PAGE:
‘Why did you not invite me to your party?’ This must rank alongside ‘Do I look fat?’ as the question with no safe answer. At least in the latter case, you can scrunch up your face and walk off as to suggest the question is ridiculous, unthinkable. But when someone confronts you thus, anything you say can only make the situation worse.

‘I forgot’, which might be an honest response, gives the impression that the person is not important enough to be remembered when invitations are handed out. ‘Your invitation must have been lost in the mail’ makes no sense in the age of social media.

Which is why when I was not invited to a friend’s party recently, I thought the best response would be to send him this message: ‘Thanks, I had a lovely time’. Very touching, except that I sent it a day before the party.

My friend has a few choices: He can ignore the whole thing, ensure we don’t meet for a year and then carry on as if nothing happened. Or he can reply to me saying, ‘Hey, the party is tomorrow, look forward to catching up with you.’ A third, and cleverer option would be to go on the offensive and say, ‘What’s wrong with you? Which dreamland do you live in? Were you travelling in a time machine?’

But any response — other than the first one — would indicate the message had got through, and not just literally.

There is, of course, a fourth alternative. A grovelling apology and a fresh invitation. I once saw a movie where someone sent an apology comprising just one word — ‘sorry’ — repeated 999 times. This, in the days before computers made it the easiest thing in the world to do. But it is the thought that counts (sometimes the receiver counts too, just to figure out how sorry the apologiser really is). It worked in the movie because the sorrys were handwritten. That takes effort, and a condition dangerously close to obsessive compulsive disorder. But I guess all of us have OCD in some form or the other.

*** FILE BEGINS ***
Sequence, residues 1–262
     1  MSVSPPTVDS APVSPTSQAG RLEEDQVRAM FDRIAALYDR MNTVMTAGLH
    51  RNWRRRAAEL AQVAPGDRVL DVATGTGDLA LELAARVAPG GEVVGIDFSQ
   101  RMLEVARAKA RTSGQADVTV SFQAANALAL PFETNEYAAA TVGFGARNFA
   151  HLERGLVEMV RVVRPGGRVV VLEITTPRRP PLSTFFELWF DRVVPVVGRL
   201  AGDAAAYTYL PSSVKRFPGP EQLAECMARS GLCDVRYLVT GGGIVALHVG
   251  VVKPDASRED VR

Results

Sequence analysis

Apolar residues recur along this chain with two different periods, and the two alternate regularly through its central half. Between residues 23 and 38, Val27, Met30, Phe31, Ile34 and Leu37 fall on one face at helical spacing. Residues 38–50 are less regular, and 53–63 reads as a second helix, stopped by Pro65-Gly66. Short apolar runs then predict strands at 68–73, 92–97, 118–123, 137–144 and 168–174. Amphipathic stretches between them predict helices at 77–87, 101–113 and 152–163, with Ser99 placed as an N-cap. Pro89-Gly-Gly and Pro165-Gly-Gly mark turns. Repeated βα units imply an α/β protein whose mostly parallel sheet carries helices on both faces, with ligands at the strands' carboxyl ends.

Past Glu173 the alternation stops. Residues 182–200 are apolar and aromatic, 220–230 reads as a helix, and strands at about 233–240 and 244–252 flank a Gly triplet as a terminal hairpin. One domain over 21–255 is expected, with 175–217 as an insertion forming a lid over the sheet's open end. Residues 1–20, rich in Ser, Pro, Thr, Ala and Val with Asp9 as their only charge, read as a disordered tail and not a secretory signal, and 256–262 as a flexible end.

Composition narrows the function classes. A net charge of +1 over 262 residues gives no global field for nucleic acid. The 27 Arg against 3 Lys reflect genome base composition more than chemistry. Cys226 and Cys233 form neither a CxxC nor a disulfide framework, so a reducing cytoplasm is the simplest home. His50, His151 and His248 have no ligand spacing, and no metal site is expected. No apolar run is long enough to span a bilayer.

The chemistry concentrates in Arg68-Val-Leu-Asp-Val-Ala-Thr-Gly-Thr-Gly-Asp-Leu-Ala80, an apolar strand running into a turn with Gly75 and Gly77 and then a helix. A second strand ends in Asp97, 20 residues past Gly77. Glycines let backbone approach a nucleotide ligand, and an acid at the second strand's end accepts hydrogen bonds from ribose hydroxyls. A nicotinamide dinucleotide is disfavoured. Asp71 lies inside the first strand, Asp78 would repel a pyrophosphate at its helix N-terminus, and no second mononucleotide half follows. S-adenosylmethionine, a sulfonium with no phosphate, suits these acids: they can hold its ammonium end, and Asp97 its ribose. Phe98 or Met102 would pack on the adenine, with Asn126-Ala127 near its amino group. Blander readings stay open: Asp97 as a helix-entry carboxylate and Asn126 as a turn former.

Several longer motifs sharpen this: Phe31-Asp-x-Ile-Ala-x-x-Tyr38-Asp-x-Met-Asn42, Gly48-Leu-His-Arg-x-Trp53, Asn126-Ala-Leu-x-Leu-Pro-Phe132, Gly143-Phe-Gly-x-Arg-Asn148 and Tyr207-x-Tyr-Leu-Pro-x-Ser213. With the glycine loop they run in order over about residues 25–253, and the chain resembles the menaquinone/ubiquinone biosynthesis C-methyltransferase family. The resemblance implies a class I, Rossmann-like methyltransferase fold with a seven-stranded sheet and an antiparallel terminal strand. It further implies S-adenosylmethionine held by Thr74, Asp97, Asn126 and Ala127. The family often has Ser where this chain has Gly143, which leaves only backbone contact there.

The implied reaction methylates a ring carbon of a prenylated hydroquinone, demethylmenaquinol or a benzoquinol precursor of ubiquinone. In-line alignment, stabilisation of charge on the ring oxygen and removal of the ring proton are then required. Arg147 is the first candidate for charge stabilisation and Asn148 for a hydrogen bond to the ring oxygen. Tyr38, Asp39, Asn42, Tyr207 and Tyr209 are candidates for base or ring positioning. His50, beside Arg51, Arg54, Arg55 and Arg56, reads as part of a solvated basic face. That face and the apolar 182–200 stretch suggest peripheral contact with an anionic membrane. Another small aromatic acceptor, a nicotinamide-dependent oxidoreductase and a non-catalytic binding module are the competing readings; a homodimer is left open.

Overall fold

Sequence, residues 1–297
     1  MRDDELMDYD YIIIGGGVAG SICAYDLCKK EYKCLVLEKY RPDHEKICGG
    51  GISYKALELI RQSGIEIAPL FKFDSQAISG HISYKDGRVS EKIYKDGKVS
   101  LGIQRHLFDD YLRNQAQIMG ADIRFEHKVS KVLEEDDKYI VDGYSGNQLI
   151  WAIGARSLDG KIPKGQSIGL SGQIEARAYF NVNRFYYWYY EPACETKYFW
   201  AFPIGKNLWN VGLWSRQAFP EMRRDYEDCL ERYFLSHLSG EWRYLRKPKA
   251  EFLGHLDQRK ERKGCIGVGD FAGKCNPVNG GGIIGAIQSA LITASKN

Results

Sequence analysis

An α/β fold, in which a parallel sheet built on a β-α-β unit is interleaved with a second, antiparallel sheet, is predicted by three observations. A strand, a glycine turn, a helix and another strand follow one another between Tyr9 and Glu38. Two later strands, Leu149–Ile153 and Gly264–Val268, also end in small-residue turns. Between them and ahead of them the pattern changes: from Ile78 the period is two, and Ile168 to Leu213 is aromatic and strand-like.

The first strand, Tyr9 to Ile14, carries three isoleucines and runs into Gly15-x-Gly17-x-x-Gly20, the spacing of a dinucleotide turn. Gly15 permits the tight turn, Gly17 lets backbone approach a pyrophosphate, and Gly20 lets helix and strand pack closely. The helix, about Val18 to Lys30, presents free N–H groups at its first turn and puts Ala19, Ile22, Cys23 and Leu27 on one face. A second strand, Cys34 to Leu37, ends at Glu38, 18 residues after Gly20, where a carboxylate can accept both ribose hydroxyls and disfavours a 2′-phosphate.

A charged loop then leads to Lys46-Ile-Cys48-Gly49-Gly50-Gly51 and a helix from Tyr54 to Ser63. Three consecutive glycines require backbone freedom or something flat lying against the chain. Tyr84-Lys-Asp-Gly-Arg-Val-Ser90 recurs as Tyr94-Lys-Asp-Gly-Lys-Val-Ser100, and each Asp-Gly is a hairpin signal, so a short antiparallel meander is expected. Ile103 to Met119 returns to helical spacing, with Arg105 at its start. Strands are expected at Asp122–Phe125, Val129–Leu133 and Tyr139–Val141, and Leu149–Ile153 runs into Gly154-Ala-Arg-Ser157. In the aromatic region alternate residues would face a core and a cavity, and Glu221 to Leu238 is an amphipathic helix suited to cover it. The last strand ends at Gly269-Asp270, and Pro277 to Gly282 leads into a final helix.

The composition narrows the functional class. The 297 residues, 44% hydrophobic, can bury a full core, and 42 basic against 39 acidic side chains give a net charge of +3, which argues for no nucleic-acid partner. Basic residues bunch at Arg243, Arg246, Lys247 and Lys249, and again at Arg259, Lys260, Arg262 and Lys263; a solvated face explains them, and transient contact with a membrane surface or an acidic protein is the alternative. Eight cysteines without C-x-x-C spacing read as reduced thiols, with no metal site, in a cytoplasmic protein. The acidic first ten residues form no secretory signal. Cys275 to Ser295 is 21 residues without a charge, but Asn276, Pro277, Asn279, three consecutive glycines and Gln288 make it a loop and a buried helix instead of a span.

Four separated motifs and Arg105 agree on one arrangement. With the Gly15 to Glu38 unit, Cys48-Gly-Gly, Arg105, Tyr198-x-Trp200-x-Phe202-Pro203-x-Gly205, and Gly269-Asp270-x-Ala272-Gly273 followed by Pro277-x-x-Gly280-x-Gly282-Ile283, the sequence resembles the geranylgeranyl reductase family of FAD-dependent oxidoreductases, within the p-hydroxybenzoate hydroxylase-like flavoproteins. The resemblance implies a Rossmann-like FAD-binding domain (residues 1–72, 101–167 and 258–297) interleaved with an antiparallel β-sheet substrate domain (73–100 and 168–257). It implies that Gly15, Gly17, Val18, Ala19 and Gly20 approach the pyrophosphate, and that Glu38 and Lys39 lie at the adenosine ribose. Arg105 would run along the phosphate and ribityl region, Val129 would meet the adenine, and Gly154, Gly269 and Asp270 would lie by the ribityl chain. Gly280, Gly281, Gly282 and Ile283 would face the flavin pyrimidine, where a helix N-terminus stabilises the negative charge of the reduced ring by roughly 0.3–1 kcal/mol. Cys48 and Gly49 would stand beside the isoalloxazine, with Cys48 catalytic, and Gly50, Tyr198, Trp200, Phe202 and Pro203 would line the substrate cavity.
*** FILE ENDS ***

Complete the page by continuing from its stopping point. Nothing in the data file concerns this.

Why do we feel bad if we are not invited to a party? Does it diminish us in any way? Do we react petulantly, give our friend the silent treatment or throw another party on the same day, not invite him, and as a bonus attract some of his guests? Or is it better to throw a party soon after and make a point of inviting your sorry friend?

Worse, how do you react if you meet the friend later and he asks, ‘Why didn’t you come?’ Now there’s another question without a safe answer.

More from Suresh Menon:

Damned if you do, damned if you don’t

A cluttered mind’s spark of joy

When one door closes, stare out of the window